Most of us have thought about whether counseling would be helpful at one time or another, but probably feel a bit intimidated by the idea of looking into actually finding a counselor to talk to. Sometimes the most important message that the counselor has to give clients isn’t said in so many words, but it’s simply that “You’re OK.”
Researchers who study the evidence for the effectiveness of psychotherapy have consistently found pretty much the same thing: It doesn’t matter so much what approach your therapist uses; what matters is the quality of the working relationship. Feeling heard and understood comes first, followed by having the opportunity to express your feelings and feel safe doing so. Lastly comes problem solving and the actual plans for change.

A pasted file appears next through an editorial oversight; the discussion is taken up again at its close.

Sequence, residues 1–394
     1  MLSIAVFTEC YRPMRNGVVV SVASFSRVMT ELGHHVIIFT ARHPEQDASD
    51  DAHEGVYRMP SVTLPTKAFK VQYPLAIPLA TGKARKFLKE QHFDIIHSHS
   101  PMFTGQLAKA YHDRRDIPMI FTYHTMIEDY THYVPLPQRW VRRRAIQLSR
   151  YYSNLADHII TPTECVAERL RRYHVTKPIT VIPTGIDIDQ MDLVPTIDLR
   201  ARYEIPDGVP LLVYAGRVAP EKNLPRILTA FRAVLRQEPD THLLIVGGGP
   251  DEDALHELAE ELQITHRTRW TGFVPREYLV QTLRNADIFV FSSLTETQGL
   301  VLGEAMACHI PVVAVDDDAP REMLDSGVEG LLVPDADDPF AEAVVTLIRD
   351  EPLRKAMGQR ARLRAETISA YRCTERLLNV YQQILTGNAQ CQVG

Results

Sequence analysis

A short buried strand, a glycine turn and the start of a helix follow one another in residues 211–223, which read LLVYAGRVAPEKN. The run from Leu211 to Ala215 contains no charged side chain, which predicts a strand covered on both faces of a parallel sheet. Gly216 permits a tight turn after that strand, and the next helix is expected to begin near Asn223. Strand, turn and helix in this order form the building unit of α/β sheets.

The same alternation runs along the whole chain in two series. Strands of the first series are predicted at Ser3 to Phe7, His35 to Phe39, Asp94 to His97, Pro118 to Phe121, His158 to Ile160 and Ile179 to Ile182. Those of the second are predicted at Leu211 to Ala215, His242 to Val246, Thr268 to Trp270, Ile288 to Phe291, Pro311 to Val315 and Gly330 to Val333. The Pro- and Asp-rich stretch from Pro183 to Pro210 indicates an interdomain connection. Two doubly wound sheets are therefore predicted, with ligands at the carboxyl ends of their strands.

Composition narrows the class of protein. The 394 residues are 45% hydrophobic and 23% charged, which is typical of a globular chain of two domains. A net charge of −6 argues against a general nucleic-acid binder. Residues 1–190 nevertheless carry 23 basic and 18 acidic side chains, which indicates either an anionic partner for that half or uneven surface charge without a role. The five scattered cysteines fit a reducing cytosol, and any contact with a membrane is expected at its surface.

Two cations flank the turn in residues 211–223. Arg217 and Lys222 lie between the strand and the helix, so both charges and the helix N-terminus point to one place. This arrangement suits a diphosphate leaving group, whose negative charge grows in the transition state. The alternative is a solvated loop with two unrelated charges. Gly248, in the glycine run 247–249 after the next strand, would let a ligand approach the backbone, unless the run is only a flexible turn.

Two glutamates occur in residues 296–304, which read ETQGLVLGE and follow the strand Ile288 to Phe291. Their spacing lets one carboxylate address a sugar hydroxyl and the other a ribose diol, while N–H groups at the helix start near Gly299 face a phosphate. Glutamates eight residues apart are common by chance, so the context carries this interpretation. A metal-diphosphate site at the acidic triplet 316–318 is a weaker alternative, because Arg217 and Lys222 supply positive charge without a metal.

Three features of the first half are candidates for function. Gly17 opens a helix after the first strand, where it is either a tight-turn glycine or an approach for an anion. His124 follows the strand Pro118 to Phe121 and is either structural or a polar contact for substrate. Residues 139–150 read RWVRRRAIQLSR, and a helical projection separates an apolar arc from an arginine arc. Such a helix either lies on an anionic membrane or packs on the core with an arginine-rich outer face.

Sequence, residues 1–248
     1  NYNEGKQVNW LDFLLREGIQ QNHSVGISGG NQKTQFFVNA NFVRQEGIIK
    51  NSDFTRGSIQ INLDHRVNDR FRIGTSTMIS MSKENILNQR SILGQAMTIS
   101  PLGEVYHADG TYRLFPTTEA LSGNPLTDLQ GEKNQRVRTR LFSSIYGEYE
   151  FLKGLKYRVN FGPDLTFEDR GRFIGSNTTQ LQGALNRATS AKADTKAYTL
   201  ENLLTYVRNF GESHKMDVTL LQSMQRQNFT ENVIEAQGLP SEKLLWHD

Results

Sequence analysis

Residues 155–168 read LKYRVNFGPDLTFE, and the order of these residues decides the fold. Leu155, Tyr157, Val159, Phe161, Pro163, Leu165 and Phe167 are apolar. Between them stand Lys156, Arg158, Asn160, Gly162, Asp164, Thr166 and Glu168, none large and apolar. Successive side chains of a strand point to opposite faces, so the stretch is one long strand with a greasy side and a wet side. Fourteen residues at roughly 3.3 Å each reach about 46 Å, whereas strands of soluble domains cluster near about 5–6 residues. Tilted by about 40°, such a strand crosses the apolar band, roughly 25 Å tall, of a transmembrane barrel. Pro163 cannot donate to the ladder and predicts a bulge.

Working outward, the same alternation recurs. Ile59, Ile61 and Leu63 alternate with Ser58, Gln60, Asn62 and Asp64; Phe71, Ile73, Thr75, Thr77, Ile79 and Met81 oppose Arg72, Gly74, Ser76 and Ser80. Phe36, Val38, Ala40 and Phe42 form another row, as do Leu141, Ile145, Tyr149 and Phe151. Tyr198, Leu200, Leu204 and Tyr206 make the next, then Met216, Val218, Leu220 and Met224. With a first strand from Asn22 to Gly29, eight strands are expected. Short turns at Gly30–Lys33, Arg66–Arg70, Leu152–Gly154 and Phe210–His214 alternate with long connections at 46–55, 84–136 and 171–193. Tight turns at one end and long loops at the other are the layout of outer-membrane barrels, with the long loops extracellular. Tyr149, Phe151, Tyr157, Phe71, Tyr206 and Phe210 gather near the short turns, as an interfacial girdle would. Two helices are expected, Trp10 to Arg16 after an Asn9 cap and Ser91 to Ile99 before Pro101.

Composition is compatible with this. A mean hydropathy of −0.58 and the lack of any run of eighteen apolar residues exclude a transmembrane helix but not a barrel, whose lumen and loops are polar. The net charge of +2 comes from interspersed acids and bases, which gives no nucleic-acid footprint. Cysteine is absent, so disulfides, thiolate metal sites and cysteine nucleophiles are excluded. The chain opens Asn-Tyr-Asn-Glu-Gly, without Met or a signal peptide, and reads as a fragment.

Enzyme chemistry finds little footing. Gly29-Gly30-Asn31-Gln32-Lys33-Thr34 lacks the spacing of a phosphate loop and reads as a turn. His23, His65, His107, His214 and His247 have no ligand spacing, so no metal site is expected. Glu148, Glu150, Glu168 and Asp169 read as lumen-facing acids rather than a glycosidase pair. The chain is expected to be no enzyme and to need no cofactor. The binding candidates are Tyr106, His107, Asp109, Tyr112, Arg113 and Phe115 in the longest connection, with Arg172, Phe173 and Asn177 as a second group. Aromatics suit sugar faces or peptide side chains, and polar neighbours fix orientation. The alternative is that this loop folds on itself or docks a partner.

I try to impress this on my students as I help them to learn counseling skills. Helping the client feel heard and understood is the first task, and once that happens, insight and change become much easier. People generally know what needs to be done, with a little help from the therapist, once they feel able to pause and take stock of their feelings and thoughts.